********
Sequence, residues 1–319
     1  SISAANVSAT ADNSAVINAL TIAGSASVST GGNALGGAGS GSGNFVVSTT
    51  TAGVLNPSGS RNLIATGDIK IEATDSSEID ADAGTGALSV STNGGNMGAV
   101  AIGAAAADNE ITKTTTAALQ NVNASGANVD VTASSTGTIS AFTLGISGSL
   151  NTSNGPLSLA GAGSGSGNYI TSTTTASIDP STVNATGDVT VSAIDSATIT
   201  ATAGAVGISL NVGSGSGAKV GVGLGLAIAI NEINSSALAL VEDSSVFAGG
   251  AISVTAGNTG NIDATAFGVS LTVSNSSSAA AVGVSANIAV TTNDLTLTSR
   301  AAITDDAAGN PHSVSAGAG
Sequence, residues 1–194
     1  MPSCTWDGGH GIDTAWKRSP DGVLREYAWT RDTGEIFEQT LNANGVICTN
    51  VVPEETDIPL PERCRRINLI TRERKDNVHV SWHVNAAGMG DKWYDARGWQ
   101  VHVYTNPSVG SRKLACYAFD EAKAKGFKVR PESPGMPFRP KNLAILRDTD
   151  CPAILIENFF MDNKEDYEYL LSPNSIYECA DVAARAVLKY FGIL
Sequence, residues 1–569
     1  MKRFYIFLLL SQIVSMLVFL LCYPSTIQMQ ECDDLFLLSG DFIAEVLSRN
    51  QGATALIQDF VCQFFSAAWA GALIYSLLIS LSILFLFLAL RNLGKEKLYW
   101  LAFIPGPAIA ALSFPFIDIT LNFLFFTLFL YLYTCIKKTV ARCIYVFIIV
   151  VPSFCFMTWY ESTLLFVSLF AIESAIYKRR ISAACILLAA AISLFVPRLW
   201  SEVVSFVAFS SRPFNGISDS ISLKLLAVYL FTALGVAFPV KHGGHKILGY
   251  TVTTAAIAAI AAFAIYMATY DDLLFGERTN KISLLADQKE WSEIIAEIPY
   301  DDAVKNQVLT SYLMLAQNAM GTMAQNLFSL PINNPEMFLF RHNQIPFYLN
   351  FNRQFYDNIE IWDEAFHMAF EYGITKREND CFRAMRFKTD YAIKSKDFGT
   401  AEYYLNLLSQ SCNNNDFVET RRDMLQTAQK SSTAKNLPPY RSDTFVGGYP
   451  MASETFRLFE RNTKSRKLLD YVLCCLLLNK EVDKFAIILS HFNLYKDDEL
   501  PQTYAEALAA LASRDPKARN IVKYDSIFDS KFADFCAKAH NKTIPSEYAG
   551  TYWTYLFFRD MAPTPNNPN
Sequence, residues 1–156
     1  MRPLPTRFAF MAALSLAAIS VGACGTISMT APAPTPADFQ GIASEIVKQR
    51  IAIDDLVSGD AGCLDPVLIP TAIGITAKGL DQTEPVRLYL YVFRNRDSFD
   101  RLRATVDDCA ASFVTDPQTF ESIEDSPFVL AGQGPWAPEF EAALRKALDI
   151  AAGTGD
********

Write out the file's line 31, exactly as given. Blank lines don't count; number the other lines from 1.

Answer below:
   151  AAGTGD